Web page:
Japan chalked up a goods trade surplus of ¥1.92 trillion ($17 billion) in the fiscal first half amid robust exports to Asia and the United States, but was squeezed by rising energy imports, government data showed Thursday.
The surplus for the April-September period, the nation’s fourth in a row, fell 20.3 percent on year but came as exports grew 12.8 percent — the fastest pace since 2010 — to ¥38.37 trillion, the Finance Ministry said in a preliminary report.
Imports meanwhile surged 15.3 percent to ¥36.45 trillion, the report said..
Shipments of cars to the U.S. and of electronic and auto parts to China grew markedly in the period.
“Auto exports increased but so did auto parts, which reflects the fact that (automakers are) making progress in local production” a ministry official said.
Japan ran a trade surplus of ¥3.38 trillion with the U.S. as exports rose 10.6 percent to ¥7.42 trillion and imports gained 12.1 percent to ¥4.03 trillion.
U.S. President Donald Trump, calling for “fair” trade, has taken issue with his country’s massive trade deficits with major exporters such as Japan.
In a semiannual report to Congress, the U.S. Treasury has said it remains “concerned by the persistence of the large bilateral trade imbalance between the United States and Japan.” Trump will visit Japan next month.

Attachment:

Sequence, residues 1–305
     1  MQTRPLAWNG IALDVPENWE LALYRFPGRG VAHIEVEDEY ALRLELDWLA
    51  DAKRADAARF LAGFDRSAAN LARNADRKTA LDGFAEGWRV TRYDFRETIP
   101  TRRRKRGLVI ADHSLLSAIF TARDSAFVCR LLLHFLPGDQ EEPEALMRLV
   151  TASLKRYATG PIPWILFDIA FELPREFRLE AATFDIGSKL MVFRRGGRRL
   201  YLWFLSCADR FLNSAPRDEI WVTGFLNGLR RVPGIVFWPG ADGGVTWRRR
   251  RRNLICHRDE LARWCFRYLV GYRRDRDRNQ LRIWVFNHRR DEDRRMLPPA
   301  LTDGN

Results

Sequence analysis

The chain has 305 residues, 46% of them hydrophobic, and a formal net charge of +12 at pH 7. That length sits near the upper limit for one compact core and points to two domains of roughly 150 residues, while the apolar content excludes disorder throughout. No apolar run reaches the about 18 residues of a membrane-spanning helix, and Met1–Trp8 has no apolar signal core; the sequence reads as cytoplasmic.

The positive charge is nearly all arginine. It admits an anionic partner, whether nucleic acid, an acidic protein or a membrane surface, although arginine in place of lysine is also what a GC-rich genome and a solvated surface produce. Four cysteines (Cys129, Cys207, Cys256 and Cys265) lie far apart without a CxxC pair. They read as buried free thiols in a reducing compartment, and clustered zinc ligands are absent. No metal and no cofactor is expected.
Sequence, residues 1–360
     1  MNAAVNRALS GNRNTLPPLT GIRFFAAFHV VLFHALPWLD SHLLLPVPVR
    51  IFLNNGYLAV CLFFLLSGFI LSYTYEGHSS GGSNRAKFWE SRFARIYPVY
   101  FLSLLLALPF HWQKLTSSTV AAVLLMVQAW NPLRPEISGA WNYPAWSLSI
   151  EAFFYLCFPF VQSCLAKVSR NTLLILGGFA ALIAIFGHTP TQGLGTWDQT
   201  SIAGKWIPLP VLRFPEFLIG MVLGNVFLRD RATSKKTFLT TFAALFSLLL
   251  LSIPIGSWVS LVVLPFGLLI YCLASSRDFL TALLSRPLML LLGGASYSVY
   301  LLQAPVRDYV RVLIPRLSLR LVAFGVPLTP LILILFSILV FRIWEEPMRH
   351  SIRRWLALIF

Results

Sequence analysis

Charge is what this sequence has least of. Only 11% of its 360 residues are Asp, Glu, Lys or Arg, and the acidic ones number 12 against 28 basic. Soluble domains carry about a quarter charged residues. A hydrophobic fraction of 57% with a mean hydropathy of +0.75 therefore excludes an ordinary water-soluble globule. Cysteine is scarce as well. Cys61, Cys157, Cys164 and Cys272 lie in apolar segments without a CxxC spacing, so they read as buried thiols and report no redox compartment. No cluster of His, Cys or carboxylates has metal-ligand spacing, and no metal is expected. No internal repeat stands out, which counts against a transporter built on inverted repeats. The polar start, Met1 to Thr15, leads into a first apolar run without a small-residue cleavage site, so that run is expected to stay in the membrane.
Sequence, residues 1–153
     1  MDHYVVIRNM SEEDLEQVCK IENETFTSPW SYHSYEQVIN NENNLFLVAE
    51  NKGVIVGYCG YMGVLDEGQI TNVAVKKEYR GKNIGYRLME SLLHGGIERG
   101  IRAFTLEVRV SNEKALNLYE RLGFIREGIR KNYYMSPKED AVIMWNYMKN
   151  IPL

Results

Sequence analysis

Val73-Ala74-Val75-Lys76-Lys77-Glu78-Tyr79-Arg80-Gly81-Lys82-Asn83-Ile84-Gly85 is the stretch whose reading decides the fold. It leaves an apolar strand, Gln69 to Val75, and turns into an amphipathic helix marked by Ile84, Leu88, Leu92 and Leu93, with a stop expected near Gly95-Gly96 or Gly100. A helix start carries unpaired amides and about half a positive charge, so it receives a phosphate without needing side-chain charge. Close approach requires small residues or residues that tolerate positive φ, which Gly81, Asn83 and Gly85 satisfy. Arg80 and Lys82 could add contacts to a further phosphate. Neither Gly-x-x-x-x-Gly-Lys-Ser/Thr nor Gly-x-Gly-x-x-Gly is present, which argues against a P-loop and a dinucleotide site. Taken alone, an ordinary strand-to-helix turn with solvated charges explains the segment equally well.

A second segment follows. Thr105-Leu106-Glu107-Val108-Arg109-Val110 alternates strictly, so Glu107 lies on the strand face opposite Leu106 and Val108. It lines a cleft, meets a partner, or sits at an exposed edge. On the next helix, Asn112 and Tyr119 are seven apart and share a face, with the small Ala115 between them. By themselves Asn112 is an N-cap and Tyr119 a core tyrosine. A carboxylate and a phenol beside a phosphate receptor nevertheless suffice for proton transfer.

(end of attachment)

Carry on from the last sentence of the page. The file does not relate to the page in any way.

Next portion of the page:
Exports to China, another major destination for Japanese products, rose 21.7 percent to ¥7.27 trillion, a record high for the first half, while imports rose 7.8 percent to ¥8.81 trillion, translating to a ¥1.54 trillion deficit.
With other Asian countries including China, Japan logged a trade surplus of ¥3.10 trillion after exports gained 16.0 percent to ¥20.97 trillion and imports rose 12.4 percent to ¥17.87 trillion.
With the European Union, Japan reported a deficit of ¥16.1 billion, the data showed. Exports to the bloc rose 10.5 percent to ¥4.30 trillion and imports grew 10.1 percent to ¥4.31 trillion.
“Exports to the United States will likely stay firm, with car demand expected in the aftermath of the recent hurricanes,” said Toru Suehiro, senior market economist at Mizuho Securities Co.
“After very strong growth, however, we need to keep tabs on exports to China even though its economy has so far been in good shape,” Suehiro added.
The dollar traded at ¥111 on average during the six-month period, higher than ¥106.14 a year earlier. A weak yen tends to boost imports in value terms.
Japan’s overall imports in the first half were largely boosted by coal, liquefied natural gas and crude oil, the data showed. Japan relies heavily on other countries to meet its energy needs.
For the July-September quarter, exports were likely to have supported the economy even as domestic demand, particularly private consumption that was robust in the previous quarter, was expected to be weak, according to economists. Gross domestic product data for the quarter will be released in mid-November.
In September alone, Japan posted a goods trade surplus of ¥670.2 billion after a 14.1 percent gain in exports to ¥6.81 trillion and a 12.0 percent increase in imports to ¥6.14 trillion.
The figures were measured on a customs-cleared basis.